On March 3, 1963, Cline performed a benefit at the Soldiers and Sailors Memorial Hall, Kansas City, Kansas, for the family of disc jockey "Cactus" Jack Call.
    More Details Hide Details He had died in an automobile crash a little over a month earlier. Call was a longtime DJ for KCKN, but had switched to KCMK a week before his death on January 25, 1963, at the age of 39. Also performing in the show were George Jones, George Riddle and The Jones Boys, Billy Walker, Dottie West, Wilma Lee and Stoney Cooper, George McCormick, the Clinch Mountain Boys as well as Cowboy Copas and Hawkshaw Hawkins. Cline, ill with the flu, gave three performances, at 2 p.m. and 5:15 p.m., with an 8 p.m. show added due to popular demand. All the shows were standing-room only. For the 2 p.m. show, she wore a sky-blue tulle-laden dress; for the 5:15 show a red shocker; and for the closing show at 8 p.m., Cline wore white chiffon, closing the evening to a thunderous ovation. Her final song was the last she had recorded the previous month, "I'll Sail My Ship Alone".
  • 1962
    And in December 1962, she became the first woman in country music to headline her own show in Las Vegas, at the downtown Mint Casino.
    More Details Hide Details This success enabled Cline to buy her dream home in the Goodlettsville suburb of Nashville, decorating it in her own style. It featured gold dust sprinkled in the bathroom tiles and a music room with the finest sound equipment. In The Real Patsy Cline, Lynn remembered: "She called me into the front yard and said, 'Isn't this pretty? Now I'll never be happy until I have my Mama one just like it. Cline called it "the house that Vegas built", since the money from the Mint covered its cost. After her death, Cline's home was sold to singer Wilma Burgess. With the new demand for Cline came higher earnings. Reportedly, she was paid at least $1,000 per appearance toward the end of her life. This was an unheard-of sum for country music women, whose average fees were less than $200 a show. Her penultimate concert, held in Birmingham, Alabama, grossed $3,000.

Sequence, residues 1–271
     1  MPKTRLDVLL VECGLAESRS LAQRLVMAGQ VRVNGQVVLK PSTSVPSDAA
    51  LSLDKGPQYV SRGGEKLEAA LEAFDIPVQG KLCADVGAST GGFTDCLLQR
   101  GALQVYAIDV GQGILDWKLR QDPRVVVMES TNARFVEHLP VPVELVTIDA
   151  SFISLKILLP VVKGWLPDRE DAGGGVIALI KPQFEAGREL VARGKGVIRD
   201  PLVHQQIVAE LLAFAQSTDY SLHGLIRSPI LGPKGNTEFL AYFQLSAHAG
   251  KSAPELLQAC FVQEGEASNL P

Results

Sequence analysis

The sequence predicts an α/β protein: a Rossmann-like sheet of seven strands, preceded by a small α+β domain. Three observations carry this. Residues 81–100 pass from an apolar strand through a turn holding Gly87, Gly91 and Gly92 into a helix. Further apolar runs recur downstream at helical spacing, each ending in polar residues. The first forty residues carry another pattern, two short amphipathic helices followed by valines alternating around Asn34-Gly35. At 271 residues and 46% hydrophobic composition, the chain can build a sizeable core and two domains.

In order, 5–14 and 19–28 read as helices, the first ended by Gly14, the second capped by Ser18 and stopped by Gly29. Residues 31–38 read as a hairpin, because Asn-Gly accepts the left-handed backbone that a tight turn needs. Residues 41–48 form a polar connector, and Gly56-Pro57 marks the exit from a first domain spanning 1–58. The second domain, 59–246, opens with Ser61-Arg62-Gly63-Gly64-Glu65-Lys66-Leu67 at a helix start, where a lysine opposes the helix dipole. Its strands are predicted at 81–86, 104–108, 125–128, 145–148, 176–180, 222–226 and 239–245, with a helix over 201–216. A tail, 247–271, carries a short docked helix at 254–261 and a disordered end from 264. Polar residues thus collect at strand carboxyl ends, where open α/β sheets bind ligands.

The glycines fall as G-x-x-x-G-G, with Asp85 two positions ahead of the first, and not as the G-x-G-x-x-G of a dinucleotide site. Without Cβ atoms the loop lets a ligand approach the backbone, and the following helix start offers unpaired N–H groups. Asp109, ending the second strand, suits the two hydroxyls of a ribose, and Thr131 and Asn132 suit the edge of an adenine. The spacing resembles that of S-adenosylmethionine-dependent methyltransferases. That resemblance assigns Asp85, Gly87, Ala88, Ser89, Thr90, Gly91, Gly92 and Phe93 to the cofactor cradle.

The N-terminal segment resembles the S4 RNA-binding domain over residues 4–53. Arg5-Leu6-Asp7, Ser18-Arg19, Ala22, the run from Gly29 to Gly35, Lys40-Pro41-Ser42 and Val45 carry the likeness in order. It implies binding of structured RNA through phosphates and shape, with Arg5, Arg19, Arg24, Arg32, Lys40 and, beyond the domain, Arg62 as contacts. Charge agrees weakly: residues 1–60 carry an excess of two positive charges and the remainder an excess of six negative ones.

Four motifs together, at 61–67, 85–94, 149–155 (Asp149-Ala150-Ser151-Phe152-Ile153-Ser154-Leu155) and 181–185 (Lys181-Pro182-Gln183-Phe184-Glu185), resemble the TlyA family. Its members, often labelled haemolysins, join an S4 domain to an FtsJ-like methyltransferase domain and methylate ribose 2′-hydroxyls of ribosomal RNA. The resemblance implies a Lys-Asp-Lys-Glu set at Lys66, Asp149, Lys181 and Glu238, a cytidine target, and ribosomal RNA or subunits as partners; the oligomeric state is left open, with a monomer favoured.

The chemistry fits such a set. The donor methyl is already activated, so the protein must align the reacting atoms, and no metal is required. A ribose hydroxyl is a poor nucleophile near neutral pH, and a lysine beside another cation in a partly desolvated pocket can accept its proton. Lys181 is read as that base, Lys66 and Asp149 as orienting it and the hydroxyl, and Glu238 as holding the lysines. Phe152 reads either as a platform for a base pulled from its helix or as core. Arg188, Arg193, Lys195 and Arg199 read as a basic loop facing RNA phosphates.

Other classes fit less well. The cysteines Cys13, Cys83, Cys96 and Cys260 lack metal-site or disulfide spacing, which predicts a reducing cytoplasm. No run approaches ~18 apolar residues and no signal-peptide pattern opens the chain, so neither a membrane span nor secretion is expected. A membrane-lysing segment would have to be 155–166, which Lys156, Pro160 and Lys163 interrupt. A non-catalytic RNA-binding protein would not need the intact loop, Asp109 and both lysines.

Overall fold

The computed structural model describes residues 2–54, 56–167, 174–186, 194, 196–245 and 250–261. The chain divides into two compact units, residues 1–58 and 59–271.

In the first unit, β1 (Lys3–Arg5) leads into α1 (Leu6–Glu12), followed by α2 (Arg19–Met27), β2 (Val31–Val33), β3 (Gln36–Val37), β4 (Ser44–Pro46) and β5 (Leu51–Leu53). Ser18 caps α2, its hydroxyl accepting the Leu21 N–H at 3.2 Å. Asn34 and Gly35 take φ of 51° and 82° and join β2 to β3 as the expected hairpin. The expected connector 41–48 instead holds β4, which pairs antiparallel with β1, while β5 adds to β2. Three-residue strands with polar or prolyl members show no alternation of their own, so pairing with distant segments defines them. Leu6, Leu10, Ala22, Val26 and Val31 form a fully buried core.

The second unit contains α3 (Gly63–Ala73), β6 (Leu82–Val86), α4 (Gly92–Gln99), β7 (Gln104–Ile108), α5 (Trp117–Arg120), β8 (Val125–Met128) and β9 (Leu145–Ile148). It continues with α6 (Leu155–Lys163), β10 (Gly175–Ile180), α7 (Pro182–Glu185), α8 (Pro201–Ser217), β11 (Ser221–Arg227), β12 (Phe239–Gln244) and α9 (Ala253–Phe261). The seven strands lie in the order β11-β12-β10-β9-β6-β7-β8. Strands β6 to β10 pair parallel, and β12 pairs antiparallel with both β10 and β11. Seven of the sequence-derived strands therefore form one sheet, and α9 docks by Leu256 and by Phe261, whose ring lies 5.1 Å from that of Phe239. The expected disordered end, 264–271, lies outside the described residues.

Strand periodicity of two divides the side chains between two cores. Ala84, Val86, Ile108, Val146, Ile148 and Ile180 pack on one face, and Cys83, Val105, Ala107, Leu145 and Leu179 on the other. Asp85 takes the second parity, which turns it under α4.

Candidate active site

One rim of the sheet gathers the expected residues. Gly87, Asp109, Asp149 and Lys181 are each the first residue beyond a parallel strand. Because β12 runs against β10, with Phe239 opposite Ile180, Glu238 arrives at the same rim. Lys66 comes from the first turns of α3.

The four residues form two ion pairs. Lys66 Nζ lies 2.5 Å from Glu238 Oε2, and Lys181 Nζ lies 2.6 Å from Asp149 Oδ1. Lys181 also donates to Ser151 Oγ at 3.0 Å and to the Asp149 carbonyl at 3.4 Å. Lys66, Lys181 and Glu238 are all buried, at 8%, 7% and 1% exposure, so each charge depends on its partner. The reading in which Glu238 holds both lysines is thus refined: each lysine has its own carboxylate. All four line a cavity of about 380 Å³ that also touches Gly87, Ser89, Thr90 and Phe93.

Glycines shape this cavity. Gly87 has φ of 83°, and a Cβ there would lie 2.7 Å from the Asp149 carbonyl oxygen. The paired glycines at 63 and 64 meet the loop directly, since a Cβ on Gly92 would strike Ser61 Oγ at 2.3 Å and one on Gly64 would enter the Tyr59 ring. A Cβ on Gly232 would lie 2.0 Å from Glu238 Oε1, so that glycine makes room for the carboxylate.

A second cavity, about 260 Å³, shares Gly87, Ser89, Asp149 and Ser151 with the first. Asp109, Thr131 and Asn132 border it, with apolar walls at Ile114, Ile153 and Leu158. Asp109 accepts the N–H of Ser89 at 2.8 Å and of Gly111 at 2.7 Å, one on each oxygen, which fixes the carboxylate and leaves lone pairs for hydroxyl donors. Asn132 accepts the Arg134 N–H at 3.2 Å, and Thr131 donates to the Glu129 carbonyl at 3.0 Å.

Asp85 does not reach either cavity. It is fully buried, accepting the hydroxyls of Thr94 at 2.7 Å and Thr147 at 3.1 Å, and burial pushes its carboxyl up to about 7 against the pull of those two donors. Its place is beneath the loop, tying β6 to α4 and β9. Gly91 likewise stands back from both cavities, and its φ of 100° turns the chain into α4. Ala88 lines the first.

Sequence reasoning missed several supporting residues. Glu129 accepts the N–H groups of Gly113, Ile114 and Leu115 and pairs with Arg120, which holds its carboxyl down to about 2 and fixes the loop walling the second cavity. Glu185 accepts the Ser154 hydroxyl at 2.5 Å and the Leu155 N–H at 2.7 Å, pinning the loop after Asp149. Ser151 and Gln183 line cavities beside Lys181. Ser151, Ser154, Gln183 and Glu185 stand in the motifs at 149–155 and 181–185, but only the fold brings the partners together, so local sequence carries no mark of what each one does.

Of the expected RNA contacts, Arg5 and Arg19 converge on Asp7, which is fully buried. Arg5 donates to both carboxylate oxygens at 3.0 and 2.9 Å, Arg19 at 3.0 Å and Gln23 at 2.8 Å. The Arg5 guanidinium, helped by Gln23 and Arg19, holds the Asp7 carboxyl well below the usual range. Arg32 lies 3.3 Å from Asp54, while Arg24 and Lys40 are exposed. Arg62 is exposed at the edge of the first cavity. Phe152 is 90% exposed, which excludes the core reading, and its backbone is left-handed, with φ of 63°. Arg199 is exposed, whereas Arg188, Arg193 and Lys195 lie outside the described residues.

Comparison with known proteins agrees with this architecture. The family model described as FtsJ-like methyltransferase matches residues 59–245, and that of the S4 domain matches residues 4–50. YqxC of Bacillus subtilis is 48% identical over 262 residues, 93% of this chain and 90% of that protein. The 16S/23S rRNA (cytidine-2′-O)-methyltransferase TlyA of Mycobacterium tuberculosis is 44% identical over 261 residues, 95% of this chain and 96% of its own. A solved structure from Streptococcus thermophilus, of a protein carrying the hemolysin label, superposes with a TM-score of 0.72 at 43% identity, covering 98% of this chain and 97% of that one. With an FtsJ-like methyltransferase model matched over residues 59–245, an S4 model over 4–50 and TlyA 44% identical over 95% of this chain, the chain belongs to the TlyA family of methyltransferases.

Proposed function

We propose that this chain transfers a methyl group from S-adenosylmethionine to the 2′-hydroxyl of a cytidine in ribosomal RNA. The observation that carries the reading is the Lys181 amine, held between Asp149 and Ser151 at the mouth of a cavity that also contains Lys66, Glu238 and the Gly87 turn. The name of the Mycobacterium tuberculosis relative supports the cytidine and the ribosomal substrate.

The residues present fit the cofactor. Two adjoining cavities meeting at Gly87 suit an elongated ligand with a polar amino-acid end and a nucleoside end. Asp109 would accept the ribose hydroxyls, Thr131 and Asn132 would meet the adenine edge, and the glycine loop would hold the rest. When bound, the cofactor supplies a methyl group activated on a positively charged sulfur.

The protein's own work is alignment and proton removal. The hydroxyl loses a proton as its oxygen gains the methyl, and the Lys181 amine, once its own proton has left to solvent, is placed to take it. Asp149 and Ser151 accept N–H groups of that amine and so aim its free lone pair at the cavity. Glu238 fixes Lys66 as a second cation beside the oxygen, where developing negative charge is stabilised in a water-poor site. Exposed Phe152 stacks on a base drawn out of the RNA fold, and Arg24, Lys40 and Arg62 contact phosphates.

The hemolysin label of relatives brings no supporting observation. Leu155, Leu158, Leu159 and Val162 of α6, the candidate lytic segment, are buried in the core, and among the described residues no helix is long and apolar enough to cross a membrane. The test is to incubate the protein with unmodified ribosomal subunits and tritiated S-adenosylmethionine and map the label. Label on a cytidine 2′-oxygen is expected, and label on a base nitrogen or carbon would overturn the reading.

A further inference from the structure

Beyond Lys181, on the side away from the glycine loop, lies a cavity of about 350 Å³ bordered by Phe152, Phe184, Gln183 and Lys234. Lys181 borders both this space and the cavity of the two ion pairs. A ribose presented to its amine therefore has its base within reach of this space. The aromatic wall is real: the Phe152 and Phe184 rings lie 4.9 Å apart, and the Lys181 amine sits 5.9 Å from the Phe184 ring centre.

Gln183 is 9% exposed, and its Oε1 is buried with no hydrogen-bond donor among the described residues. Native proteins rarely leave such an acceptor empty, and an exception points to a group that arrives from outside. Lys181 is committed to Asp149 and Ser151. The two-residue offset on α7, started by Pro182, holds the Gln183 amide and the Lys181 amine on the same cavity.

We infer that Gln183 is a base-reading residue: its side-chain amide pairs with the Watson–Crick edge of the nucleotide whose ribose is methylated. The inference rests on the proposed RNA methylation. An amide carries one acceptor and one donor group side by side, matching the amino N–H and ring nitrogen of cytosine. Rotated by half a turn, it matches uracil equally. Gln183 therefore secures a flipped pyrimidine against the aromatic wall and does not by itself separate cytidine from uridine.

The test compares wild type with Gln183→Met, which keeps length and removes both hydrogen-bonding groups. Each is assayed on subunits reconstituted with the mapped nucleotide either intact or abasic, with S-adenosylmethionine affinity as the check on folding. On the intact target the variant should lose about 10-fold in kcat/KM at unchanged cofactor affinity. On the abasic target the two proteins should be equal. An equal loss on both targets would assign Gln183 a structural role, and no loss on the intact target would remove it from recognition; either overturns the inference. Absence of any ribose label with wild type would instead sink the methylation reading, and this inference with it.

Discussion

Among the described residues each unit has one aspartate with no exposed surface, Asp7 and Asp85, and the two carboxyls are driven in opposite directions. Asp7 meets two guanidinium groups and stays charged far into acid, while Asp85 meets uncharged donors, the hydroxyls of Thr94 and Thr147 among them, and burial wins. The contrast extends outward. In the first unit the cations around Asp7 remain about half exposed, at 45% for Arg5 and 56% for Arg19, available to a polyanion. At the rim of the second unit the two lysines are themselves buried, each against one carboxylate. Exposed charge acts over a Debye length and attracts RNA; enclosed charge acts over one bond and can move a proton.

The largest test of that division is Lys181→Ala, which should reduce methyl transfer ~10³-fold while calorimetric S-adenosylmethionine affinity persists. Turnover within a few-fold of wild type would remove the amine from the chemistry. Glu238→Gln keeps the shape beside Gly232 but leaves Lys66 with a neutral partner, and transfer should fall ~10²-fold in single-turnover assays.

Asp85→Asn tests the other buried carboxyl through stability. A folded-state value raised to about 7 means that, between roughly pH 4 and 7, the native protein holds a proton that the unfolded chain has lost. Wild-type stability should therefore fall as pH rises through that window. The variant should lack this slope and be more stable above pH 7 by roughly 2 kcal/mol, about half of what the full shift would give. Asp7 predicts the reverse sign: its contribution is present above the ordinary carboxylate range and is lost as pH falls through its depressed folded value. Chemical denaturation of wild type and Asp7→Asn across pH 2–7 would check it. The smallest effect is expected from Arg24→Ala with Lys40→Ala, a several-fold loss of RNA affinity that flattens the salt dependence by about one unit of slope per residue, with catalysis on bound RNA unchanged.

While bands typically backed up the female singer, Cline led the band throughout the concerts instead. She was so respected by men in the industry that rather than introducing her to audiences as "Pretty Miss Patsy Cline", as her female contemporaries often were, she was given a more stately introduction—such as that given by Johnny Cash on their 1962 tour: "Ladies and Gentlemen, The One and Only – Patsy Cline".
    More Details Hide Details As an artist, she held her fans in extremely high regard, many of them becoming friends, staying for hours after concerts to chat and sign autographs. Cline was the first woman in country music to perform at New York's Carnegie Hall, sharing the bill with fellow Opry members Minnie Pearl, Jim Reeves, Faron Young, Bill Monroe, and Grandpa Jones. The performance garnered sharp disapproval from gossip columnist Dorothy Kilgallen, at whom Cline eloquently fired back. In Los Angeles, she headlined the Hollywood Bowl with Cash.